2 Beware city slickers who get a bit, uh, loony in the woods.
Several years ago Terry Bregy was awakened at 2 a.m. by a frantic phone call from the New Jersey couple renting his camp on Norton Pond in Lincolnville. The local teenagers were out on the pond, they said, making hooting and yodeling noises that were frightening their children.
"It never occurred to me that someone would not know what a loon was," Bregy says. He patiently explained the eerie tremelos and wails of Maine's beloved aquatic birds, but the couple wasn't buying. "You're being wise with me," the mother accused.
After Bregy fielded an almost identical complaint from another New Jersey couple a few weeks later - "they said it was very unfortunate that our neighbors thought that kind of thing was funny" - he placed a CD of loon calls in the camp. Families with children were required to listen to it upon arrival. "Especially," Bregy says, "if they were from New Jersey."
3 Speaking of wildlife . . .
Animals are a fact of lake life. Some, like deer, moose, and, yes, loons, are a joy to have around. Others like possums, raccoons, skunks, mice, and squirrels, can be a nuisance.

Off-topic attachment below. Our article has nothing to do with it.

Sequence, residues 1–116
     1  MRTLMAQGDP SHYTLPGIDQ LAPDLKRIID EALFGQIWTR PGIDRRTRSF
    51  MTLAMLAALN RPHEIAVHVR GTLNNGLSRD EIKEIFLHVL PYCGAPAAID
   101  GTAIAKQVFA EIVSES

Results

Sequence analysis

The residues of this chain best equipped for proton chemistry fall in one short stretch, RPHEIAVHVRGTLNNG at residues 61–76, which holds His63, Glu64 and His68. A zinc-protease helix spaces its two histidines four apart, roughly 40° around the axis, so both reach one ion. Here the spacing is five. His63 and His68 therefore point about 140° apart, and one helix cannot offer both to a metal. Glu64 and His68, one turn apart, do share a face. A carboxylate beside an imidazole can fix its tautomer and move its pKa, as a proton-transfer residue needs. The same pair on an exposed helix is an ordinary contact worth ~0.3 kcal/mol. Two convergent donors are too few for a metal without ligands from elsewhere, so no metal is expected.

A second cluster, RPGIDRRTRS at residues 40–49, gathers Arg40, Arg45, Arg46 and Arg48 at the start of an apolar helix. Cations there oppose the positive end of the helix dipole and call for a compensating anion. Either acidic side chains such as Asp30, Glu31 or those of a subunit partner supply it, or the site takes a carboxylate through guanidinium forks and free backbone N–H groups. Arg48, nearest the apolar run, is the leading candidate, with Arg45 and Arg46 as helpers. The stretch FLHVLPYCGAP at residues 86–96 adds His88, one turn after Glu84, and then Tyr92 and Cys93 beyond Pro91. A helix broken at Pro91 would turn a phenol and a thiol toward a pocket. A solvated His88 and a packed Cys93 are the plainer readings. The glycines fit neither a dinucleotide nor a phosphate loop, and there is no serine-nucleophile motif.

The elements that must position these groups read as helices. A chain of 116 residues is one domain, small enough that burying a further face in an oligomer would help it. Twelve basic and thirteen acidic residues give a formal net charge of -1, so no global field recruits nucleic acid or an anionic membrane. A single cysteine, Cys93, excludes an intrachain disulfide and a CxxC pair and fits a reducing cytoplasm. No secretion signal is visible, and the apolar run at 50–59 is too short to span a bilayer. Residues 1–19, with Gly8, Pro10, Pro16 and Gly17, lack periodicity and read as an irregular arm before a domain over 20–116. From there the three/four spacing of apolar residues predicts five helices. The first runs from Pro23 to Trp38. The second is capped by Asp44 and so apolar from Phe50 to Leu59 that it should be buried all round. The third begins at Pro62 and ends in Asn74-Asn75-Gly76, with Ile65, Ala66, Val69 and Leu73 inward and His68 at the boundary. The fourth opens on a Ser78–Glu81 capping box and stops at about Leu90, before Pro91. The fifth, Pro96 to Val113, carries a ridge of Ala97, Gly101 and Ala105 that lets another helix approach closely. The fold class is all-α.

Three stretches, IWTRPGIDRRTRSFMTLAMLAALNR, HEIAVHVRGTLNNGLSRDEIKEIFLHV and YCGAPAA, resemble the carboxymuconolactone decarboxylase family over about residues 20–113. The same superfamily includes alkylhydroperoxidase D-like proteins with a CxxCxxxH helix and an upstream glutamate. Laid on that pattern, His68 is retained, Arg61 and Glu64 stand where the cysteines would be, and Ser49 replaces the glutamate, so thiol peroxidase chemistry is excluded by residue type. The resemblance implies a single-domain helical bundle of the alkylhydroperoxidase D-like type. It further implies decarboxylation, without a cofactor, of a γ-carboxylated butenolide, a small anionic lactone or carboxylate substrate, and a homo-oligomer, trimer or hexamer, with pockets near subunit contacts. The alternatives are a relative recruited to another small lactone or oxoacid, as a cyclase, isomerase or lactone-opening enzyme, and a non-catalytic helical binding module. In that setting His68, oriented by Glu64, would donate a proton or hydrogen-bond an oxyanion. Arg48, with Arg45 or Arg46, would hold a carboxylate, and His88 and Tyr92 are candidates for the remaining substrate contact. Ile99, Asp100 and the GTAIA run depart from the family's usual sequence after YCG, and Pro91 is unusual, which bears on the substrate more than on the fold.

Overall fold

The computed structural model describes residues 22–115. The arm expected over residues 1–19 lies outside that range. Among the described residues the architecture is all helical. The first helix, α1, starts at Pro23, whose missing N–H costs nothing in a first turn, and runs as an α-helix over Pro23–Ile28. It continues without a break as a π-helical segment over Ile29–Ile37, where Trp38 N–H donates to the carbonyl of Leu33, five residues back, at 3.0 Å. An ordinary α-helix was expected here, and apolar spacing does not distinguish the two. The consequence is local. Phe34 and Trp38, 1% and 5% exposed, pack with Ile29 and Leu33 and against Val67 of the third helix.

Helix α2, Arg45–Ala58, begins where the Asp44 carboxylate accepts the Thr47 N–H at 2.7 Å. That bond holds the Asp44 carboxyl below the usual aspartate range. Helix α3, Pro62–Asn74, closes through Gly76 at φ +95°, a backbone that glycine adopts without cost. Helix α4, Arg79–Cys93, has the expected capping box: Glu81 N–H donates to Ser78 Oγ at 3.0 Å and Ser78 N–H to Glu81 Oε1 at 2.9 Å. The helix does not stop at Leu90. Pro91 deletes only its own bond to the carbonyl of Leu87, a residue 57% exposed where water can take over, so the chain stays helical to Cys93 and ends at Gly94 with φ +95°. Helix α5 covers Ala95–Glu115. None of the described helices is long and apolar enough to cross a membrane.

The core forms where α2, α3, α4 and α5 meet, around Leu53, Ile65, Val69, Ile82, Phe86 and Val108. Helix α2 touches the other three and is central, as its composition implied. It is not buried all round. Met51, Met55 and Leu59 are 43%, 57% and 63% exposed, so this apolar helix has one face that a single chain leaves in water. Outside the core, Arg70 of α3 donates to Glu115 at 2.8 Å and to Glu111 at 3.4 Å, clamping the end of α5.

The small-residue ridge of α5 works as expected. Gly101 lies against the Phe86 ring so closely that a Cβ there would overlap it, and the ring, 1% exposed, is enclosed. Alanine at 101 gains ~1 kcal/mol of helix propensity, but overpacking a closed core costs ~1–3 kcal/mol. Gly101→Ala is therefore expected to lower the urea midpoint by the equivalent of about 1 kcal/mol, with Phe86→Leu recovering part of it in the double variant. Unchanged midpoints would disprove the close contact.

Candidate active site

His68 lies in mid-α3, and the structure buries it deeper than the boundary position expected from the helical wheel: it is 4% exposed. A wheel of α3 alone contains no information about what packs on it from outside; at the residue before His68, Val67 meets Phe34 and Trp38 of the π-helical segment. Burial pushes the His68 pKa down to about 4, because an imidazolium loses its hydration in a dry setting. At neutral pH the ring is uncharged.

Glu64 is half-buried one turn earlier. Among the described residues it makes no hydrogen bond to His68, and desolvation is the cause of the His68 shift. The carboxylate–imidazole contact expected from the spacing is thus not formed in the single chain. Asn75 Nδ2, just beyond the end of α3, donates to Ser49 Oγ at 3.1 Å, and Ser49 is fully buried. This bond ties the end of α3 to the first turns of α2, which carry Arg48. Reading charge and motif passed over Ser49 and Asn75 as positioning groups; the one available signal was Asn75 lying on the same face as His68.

Camps, with their crawl spaces and uninsulated crannies, are especially accommodating to these little critters. Some property owners keep a live cage trap on hand for an annual spring eviction. Trash receptacles with tight-fitting lids will discourage skunks and raccoons on late-night raids.
Nancy Wilcoxon learned the hard way to landscape with deer-resistant plants. The white crab apple tree she planted her first year at the lake is now "a tall skinny stick with nubs." Still, she doesn't begrudge the deer. "They're fun to watch," she says.
Tip: keep a pair of binoculars and a bird or wildlife field guide at camp.
4 Don't drink the water.
Many cabins take their water directly from the lake. It's fine for showers and washing dishes and laundry, but it might look and taste funny or even be contaminated with chemicals or parasites like Giardia lamblia. Stocking the refrigerator with bottles of drinking water is, therefore, a common camp ritual.
New technologies may soon make bottled water unnecessary. "It's now becoming affordable to buy treatment devices that allow you to drink the lake water so you never have to worry about running out," Ford says. Some of these devices use chlorine, iodine, or UV light to disinfect drinking water. Others use a filter to improve the water's taste, odor, and appearance. Depending on the system, prices range from a few hundred to a few thousand dollars.
5 Head off road rage.